chapter2 - problems

chapter2 - problems - QUIZ 1. The theory of absolute...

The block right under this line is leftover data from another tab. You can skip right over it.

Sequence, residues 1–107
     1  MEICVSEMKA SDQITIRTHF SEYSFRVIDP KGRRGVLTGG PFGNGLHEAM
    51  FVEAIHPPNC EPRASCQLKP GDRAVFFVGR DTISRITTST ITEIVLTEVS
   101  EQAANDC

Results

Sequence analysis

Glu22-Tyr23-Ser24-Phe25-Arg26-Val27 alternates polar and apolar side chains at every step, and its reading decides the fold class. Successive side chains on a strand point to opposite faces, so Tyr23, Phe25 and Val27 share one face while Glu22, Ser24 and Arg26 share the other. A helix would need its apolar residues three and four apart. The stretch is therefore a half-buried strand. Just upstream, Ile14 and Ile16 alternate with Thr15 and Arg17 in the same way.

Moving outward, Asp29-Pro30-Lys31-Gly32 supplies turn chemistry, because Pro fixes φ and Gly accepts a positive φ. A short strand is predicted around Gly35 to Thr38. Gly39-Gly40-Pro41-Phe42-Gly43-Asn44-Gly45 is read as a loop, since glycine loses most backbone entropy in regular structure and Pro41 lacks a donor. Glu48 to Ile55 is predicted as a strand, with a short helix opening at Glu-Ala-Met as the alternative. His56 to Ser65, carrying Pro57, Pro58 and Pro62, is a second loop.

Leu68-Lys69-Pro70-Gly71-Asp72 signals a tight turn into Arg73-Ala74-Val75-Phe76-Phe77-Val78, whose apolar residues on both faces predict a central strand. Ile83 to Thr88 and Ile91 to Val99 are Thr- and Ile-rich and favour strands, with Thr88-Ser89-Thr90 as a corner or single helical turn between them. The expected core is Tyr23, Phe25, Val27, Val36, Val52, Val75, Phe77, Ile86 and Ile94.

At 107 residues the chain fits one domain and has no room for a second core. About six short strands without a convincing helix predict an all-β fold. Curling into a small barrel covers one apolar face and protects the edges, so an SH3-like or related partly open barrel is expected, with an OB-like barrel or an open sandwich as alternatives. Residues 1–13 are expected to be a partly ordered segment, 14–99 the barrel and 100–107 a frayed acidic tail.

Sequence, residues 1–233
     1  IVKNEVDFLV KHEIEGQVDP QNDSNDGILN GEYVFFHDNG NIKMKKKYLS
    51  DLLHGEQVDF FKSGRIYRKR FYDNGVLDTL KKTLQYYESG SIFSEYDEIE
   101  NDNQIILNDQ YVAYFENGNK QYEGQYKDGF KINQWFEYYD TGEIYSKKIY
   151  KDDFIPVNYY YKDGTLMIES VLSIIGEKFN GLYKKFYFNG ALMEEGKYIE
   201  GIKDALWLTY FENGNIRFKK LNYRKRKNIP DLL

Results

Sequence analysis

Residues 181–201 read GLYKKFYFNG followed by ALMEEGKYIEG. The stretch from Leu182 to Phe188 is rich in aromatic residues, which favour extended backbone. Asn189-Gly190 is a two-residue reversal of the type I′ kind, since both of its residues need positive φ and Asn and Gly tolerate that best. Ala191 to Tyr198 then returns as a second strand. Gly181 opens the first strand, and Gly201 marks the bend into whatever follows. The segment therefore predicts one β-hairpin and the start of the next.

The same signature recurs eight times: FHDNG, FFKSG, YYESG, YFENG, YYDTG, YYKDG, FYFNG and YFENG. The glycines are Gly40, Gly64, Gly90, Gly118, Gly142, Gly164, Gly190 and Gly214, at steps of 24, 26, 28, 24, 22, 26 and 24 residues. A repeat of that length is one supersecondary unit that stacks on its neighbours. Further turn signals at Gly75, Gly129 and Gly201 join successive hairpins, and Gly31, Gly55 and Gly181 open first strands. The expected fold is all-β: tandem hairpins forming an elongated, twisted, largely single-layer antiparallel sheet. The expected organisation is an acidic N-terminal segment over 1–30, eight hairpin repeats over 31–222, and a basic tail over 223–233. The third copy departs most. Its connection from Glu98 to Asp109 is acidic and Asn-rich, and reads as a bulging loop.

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Unformatted text preview: QUIZ 1. The theory of absolute advantage implied a) a small country could never gain from trading with a bigger one. b) a country had to have absolutely more labor than its trading partner for trade to be beneficial. c) the gains from trade occurred in the short run only; in the long run one country had to lose from trade. d) a country with an absolute disadvantage in both goods could never gain from trade. e) for trade to be mutually beneficial, one country had to have an absolute advantage in both goods. f) the mercantilists were right to emphasize accumulation ofspecie as a policy goal. 2. The absolute slope of a country’s production possibilities frontier (with good X on the horizontal axis and good Y on the vertical) represents a) the opportunity cost of good Y in that country. b) the opportunity cost of good X in that country. c) the autarky relative price of good Y in that country. d) the autarky relative price of good X in that country. e) (a) and (b) f) (b) and (d) 3. Under constant costs and unrestricted trade, we would expect productive specialization to be a) complete if the two countries are close in size. b) complete only if tastes are identical. c) incomplete if tastes are identical. d) complete as long as the technologies used by the countries are identical. e) incomplete if the countries are close in size. f) incomplete if one country has comparative advantage in one good and the other in the other. 4. MacDougall tested the Ricardian model of trade empirically by a) measuring which country exported more, the United Kingdom or the United States. b) measuring which country paid higher wages, the United Kingdom or the United States. c) measuring which country enjoyed higher growth rates, the United Kingdom or the United States. d) measuring how relative output per worker in various industries in the United Kingdom and the United States was related to the industries’ export performances in the two countries. e) measuring which had a larger number of successful export industries, the U.K. or the U.S. f) measuring which had the largest average market share across industries, the U.K. or the U.S. 5. Under constant cost, the equilibrium international terms of trade a) represent the rate at which good X and good Y exchange in the international market. b) must simultaneously clear the markets for goods X and Y. c) must lie between the two countries’ autarky price ratios. d) determine how the gains from trade are divided between the two countries. e) are correctly described by all of the above. f) are correctly described by (a) and (d) only. 6. In autarky under constant cost a) a country’s production opportunity set is larger than its consumption opportunity set. b) a country’s consumption opportunity set is larger than its production opportunity set. c) a country’s production and consumption opportunity sets are identical. d) a country’s production opportunity set is smaller than it would be with international trade. e) a country’s consumption opportunity set is smaller than it would be with international trade. f) both (c) and (e) are true. 7. In autarky under constant cost a) MRS = MRT = Px/Py. b) MRS = MRT > Px/Py. c) MRS = MRT < Px/Py . d) MRS > MRT = Px/Py . e) MRS < MRT = Px/Py. f) MRT > MRS = Px/Py . 8. Country A has an absolute advantage in good X if a) aLX < aLy b) aLX < bLy c) aLX < bLX d) aLX> aLY e) aLX> bLY f) aLX > bLX 9. Country A has a comparative advantage in good X if a) aLX/aLY < bLX/bLy b) aLX/aLy < bLy/bLX c) aLX < bLX d) aLX> aLY e) aLX/aLY> bLX/bLy f) aLX/aLy > bLy/bLX 10. International trade between two countries that continue to produce at their autarky production points a) cannot be beneficial. b) will always be mutually beneficial. c) will be mutually beneficial if the two countries have a pattern of comparative advantage. d) is impossible. e) will be mutually beneficial if the two countries are identical. f) requires no terms of trade. PROBLEMS 1. What are the fundamental beliefs and policy recommendations of mercantilism? What were the classical economists’ criticisms of mercantilism? 2. Explain the process by which the specie‐flow mechanism would eliminate a trade deficit in the long run. 3. Let LA = country A’s endowment of labor =200 units; LB =country B’s endowment of labor = 100 units; aLX = number of units of labor required to produce one unit of good X in country A =4; aLY =number of units of labor required to produce one unit of good Y in country A =8; bLX = number of units of labor required to produce one unit of good X in country B =5; and bLY = number of units of labor required to produce one unit of good Y in country B = 4. a) Draw the production possibilities frontier for each country. Be sure to label carefully. b) Which country has absolute advantage in which good(s)? Why? What would the theory of absolute advantage predict about the direction of trade? Why? c) If free trade according to absolute advantage were allowed, what degree of productive specialization would occur? Why? How much of each good would be produced? d) Answer the questions in parts (b) and (c) for comparative rather than absolute advantage. e) How do your answers to (b) and (c) differ from your answers to (d)? Why? 4. Now let LA = 200; LB = 300; aLX = 4; aLY = 2; bLX = 5; and bLY= 4. Answer parts (a) through (e) from question 3 using the new numbers. 5. Translate the information provided in question 4 into measures of output per unit of labor in each industry in each country (for example, how many units of good X can one unit of labor in country A produce?). Is labor in one country more productive in both industries than labor in the other country? Does this imply that trade between the two countries would fail to be mutually beneficial? Why, or why not? 6. Under autarky, what relationship holds between the production opportunity set and the consumption opportunity set? Why? How does trade affect this relationship? . 7. In a two‐country, two‐good world: a) Can one country have an absolute advantage in production of both goods? Why? b) Can one country have a comparative advantage in production of both goods? Why? 8. For two hypothetical countries producing two goods under constant costs, draw graphs showing the autarky and unrestricted trade equilibria. Draw the graphs in such a way that country B has a comparative advantage in production of good X and country A in production of good Y. Be sure to label the graphs carefully, .including the autarky price ratios, MRS, MRT, terms of trade, imports, exports, and trade triangles. 9. Comment on these statements: a) “Even if two countries have identical factor endowments and technology, there’s still a basis for mutually beneficial trade if the two have different tastes.” b) “Even if two countries have identical tastes, there’s still a basis for mutually beneficial trade if the two have different factor endowments and technology.” 10. Comment on this statement: “Trade is self‐defeating. Opening up trade equalizes the relative prices in the two countries. But once prices are equalized, there’s no longer any reason to trade. Trade will only occur when the world economy is in disequilibrium.” 11. In the chapter, we examined trade in goods X and Y under the assumption that the factor of production (labor) is completely immobile between countries. If country A has a comparative advantage in good X, this is equivalent to saying that labor in A is relatively more productive than labor in B in the X industry. Similarly, labor in B is relatively more productive than labor in A in the Y industry. Can trade in goods be viewed as a substitute for mobility of labor between countries? This question asks you to think ahead about something we’ll get to later in the book. For now, a hint: When country A exports good X to country B, good X embodies the productivity of country A’s “X‐ productive” labor. 12. Design a numerical example in which country A has: a) An absolute disadvantage in both goods and a comparative advantage in good X. b) An absolute advantage in both goods and a comparative advantage in good Y. 15. In Case One, the test of the Ricardian model is formulated in terms of output per worker in the United States and the United Kingdom in various industries. How is this related to the input coefficients used in the chapter? 16. The table below reports the units of labor required to produce 1 unit of good X and of good Y in country A and in country B for three hypothetical cases. Case I Case II Case III Country A Country B Country A Country B Country A Country B Good X 1 3 1 2 1 2 Good Y 2 4 2 4 2 1 a) For each case, in which good(s) does each country have an absolute advantage? b) For each case, in which good(s) does each country have a comparative advantage? c) In which case(s) would trade be mutually beneficial? Why? 17. Dismalia is a country with an unproductive labor force. It requires more units of labor to produce a unit of any good in Dismalia than in other countries. Dismalia’s leaders have decided that the country cannot gain from international trade because the country’s labor is so unproductive. Are they correct or incorrect? Explain. ANSWERS QUIZ 1. d. 2. f. 3. a. 4. d. 5. e. 6. f. 7. a. 8. c. 9. a. 10. c. ANSWERS TO PROBLEMS AND QUESTIONS FOR REVIEW 1. Mercantilism viewed trade as a zero‐sum game, the goal of which is to export as much as possible and import as little as possible. The resulting surplus (excess of the value of exports over the value of imports) leads to an accumulation of specie, or gold and silver. Classical economists questioned the desirability of mercantilists’ goals by pointing out that individuals derive satisfaction from goods and services, not from the accumulation of specie. The same economists also questioned the long‐run viability of mercantilist policies since the specie flow mechanism implies that a balance‐of‐trade surplus leads to monetary growth, rising prices, a decline in exports, and a rise in imports. 2. A country runs a trade deficit when the value of its imports exceeds the value of its exports.The excess of imports is paid for with gold. The deficit country’s money stock falls and the trading partner’s money stock rises with the flow of gold. Prices fall in the deficit country and rise in the trading partner. The change in relative prices increases the deficit country’s exports and lowers its imports, reducing the deficit. 3. a) Country A’s production possibilities frontier has a vertical intercept of 25, a horizontal intercept of 50, and a slope of ‐1/2. Country B’s has a vertical intercept of 25, a horizontal intercept of 20, and a slope of ‐5/4. b) c) d) e) Country A has an absolute advantage in production of good X because 4 < 5 (aLX < bLX), and country B has an absolute advantage in production of good Y because 4 < 8 (bLY < aLy). Trade according to absolute advantage would result in country A specializing in good X and exporting some of it to B, while B would specialize in Y and export some of it to A. Specialization according to absolute advantage would be complete; each country would produce only its good of absolute advantage. This occurs because the pattern of absolute advantage doesn’t change with the degree of specialization. Country A could produce 200/4 = 50 units of X, and country B 100/4 = 25 units of good Y. Country A has a comparative advantage in production of X because the opportunity cost of producing X in A (aLX/aLY= 4/8 = 1/2 units of Y) is lower than that in B (bLX/bLY= 5/4 units of Y). Country B has a comparative advantage in production of Y because the opportunity cost of producing good Y in B (4/5 units of X) is lower than that in A (8/4 units of X). Trade according to comparative advantage would result in A specializing in producing good X and exporting some of it to country B which would specialize in producing good Y and export some of it to country A. Specialization would be complete because the pattern of comparative advantage doesn’t change with the degree of productive specialization. Country A would produce 200/4 = 50 units of X, and country B 100/4 = 25 units of Y. The answers differ only in terms of the definitions of absolute and comparative advantage. Since country A has both an absolute and a comparative advantage in good X and country B in good Y, the outcomes are the same. 4. a) Country A’s production possibilities frontier has a vertical intercept of 100, a horizontal intercept of 50, and a slope of ‐2. Country B’s has a vertical intercept of 75, a horizontal intercept of 60, and a slope of ‐5/4. b) c) d) e) Country A has an absolute advantage in production of both good X (because 4 < 5) and good Y (because 2 < 4). According to absolute advantage, trade wouldn’t be mutually beneficial and would, therefore, not occur. There would be no trade; each country would continue to produce at the point on its production possibilities frontier tangent to the highest attainable indifference curve, that is, at the country’s autarky equilibrium. Country A has a comparative advantage in production of good Y, because the opportunity cost of producing a unit of Y in A (2/4 = 1/2 units of X) is lower than that in B (4/5 units of X). Country B has a comparative advantage in production of good X because the opportunity cost of producing a unit of good X in country B (5/4 units of Y) is lower than that in country A (4/2 units of Y). Under trade based on comparative advantage, country A would specialize completely in producing good Y, producing 200/2 = 100 units. Country B would specialize completely in good X, producing 300/5 =60 units. According to absolute advantage, trade wouldn’t be mutually beneficial and wouldn’t occur because country A has an absolute advantage in production of both goods. According to comparative advantage, trade would be mutually beneficial and would occur. 5. One unit of labor can produce 1/4 units of X or 1/2 units of Y in country A. One unit of labor can produce 1/5 units of X or 1/4 units of Y in country B. Labor in country A is more productive than labor in country B in the sense that one unit of labor can produce more of either good in A than in B. This does not imply that trade can’t be mutually beneficial (as demonstrated in question 4). More can be produced by having labor in each country produce the good in which that labor is relatively more productive. 6. Under autarky, the production and consumption opportunity sets are identical. Graphically, they’re represented by the triangles formed by the X and Y axes and the production possibilities frontiers. The two opportunity sets must be identical in autarky because, with no trade, the only source of goods for consumption is domestic production. Trade expands the consumption opportunity set beyond the production opportunity set by allocating the world’s labor more efficiently between production of the two goods. Countries then trade at terms of trade that differ from the autarky prices, expanding the consumption opportunity sets beyond the production opportunity sets. 7. a) Yes, see the numerical example in question 4. b) No, for one country (say, A) to have a comparative advantage in production of both good X and good Y would require that aLX/aLY < bLX/bLY and aLy/aLX < bLy/bLX Both statements can’t be true (try plugging in some numbers). 8. 9. a) This statement is false in a model that assumes a constant‐cost production technology. Mutually beneficial trade requires that the countries exhibit a pattern of comparative advantage. If the two countries have identical factor endowments and technology, their production possibilities frontiers will be identical and the opportunity cost of producing each good will be the same across countries. Because the production possibilities frontiers are straight lines under constant costs, tastes are irrelevant in determining the pattern of comparative advantage. b) This statement generally is true under constant costs. If the two countries have different factor endowments and technologies, then the slopes of the production possibilities frontiers will differ, reflecting comparative advantage. Again, tastes are irrelevant. An exception to this answer could arise if the differences in technology were of the following special type: aLX = αbLX and aLY = αbLy (α > 0). 10. Opening trade does equalize relative prices in the two countries. This means that there’s no incentive for further expansion of trade, not that the incentive to engage in the current level oftrade disappears. 11. We’ll see in Chapter Four that trade in goods can be viewed as a substitute for international factor mobility. When a country exports its good of comparative advantage, the economic effects are very similar to the effects of exporting the resources used in producing the good. 12. a) There are many possible correct answers. One example is aLX = 10; aLY = 8; bLX = 8; bLy = 4. b) Again, there are many possible correct answers; one is aLX = 6; aLY= 3; bLX = 10; bLy = 8. 15. Output per worker in an industry is equal to the reciprocal of the industry’s input coefficient, which measures labor per unit of output. For example, if aLX = 5, each worker produces one‐fifth units of output. All the results in the chapter can be derived using output per worker in place of our input coefficients. 16. a) Case I: Country A has an absolute advantage in both goods and country B in neither good. Case II: Country A has an absolute advantage in both goods and country B in neither good. Case III: Country A has an absolute advantage in good X and country B in good Y. b) Case I: Country A has a comparative advantage in good X and country B in good Y. Case II: Neither country has a comparative advantage in either good. Case III: Country A has a comparative advantage in good X and country B in good Y. c) Trade would be mutually beneficial in Cases I and III because of the existence of comparative advantage. 17. Dismalia’s leaders are not correct. They assert that trade cannot be beneficial to Dismalia because it has an absolute disadvantage in all goods. Nonetheless, Dismalia must have a good or goods of comparative advantage, and specialization in such goods would be beneficial regardless of the absolute disadvantage. ...